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IN THE NEWS
TOUR OF THE MONTH
ON THIS DAY IN LONDON
23rd April 1959 1st heliport in Britain opens in London
23rd April 1925 1st London performance of operetta Fasquita staged
23rd April 1881 Gilbert and Sullivan's opera Patience produced in London
23rd April 1775 Artist J.M.W. Turner was born in Covent Garden, London.
23rd April 1705 Richard Steele's Tender Husband, premieres in London
23rd April 1702 The Coronation of Anne I in Westminster Abbey.
23rd April 1685 The Coronation of James II (and VII of Scotland) in Westminster Abbey.
23rd April 1661 English king Charles II crowned in London
23rd April 1661 The Coronation of Charles II in Westminster Abbey.
Sculptor Epstein lived here
Famous American sculptor Jacob Epstein lived and worked here.
Location: 50 Baldwins Hill, Loughton, Essex, IG10 1SF
Description: Sir Jacob Epstein (1880-1959), sculptor, lived here. He was born on the 10th of November 1880 in Hester Street, New York City, in the Jewish quarter near the Bowery, the third son of Max and Mary Salomon Epstein, immigrants to America as a result of the persecutions and pogroms in Tsarist Russia and Poland.
Epstein was interested in drawing as a boy and made many studies of life in the streets around his home, crowded by Russians, Poles, Italians, Greeks and Chinese. Attracted in time to the practice of sculpture, he learned bronze casting in a foundry and studied modelling at evening classes.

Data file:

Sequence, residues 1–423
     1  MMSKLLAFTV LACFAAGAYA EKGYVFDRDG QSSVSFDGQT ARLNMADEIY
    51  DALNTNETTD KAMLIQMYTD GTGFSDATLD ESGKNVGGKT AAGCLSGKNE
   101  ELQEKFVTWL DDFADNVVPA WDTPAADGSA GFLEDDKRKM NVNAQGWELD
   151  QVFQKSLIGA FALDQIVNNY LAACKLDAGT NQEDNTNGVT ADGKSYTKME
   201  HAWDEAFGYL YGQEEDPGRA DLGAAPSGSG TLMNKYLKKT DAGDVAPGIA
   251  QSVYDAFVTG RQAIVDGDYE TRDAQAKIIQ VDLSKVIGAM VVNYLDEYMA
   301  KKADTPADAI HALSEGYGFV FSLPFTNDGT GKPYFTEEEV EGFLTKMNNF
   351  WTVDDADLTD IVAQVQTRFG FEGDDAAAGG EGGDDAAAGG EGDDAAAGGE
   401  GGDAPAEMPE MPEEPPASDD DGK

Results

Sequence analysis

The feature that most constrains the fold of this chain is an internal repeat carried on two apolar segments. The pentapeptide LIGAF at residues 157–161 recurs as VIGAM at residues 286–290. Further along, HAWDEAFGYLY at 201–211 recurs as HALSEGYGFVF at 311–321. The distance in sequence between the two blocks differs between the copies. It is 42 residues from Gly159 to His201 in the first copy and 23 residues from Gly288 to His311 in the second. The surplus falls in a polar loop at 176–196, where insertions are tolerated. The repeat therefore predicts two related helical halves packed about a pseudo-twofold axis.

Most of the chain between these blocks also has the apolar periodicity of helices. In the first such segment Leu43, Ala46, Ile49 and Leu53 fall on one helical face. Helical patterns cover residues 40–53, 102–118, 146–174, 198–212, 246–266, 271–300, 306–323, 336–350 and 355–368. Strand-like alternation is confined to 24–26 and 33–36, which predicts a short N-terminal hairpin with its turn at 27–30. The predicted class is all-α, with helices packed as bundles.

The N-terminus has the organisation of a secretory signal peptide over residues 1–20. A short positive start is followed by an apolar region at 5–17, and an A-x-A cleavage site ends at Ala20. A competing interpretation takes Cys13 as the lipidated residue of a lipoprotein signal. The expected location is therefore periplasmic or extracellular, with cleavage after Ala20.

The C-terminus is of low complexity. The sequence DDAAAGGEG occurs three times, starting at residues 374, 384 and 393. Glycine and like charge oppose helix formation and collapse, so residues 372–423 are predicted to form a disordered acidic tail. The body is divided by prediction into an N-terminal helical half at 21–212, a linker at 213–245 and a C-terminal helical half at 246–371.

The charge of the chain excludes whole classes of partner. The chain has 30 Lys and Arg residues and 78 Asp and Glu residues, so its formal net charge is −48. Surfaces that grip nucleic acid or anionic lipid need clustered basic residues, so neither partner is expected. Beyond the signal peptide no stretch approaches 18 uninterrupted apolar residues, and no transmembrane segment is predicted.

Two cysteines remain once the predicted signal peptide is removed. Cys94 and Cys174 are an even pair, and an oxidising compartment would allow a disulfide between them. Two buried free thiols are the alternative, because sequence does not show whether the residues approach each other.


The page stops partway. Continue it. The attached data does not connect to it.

Moving to Paris in 1902, he studied modelling from the nude at the Beaux-Arts School; subsequently transferring to the Julian Academy where he studied until he left Paris.
In 1905 he moved to London and took a studio in Camden Town. A visit as a steerage passenger to America failed to attract him to stay; he returned to London, settled in a studio at Fulham, and was naturalised in 1911.
In the mid-twenties, Epstein rented a house in Loughton, No 49 Baldwins Hill where, in a studio in the garden, he sculpted Rima, a memorial to W.H. Hudson, which was commissioned by the Royal Society for the Protection of Birds for a site in Hyde Park where it was unveiled by Stanley Baldwin in 1925.
In 1933, he moved to Deerhurst, No 50 Baldwins Hill, where he produced many paintings of flowers and the forest (an exhibition in 1933 was completely sold out) as well as portrait bronzes of many notable sitters.
He also crafted the bust of Arsenal football club founder and legend Herbert Chapman, which adorned and Highbury and now the Emirates Stadium.
In 1950 he finally left Loughton and moved to Hyde Park Gate which had long been his London home.
In 1938 he received an honorary LL.D. from Aberdeen and an honorary D.C.L. at Oxford in 1953; the following year he was appointed K.B.E. Epstein possessed a gracious and courteous manner, confirmed by many local residents who saw and chatted to him around Baldwins Hill and in the forest.
His conversation was cultivated and, on the subject of art, very learned. He never lost his American accent. Despite his many frustrations and the attacks on his sculpture, he was of a kindly and compassionate disposition though impatient of anyone lacking humility concerning art.
On 19th August 1959, although he was ill, he worked at his studio at Hyde Park Gate, London, on the sculpture for Bowater House, discussing the casting of it with his bronze moulder, and died the same night.
The National Portrait Gallery has a bronze of Epstein modelled by himself and drawings by Augustus John and Powys Evans.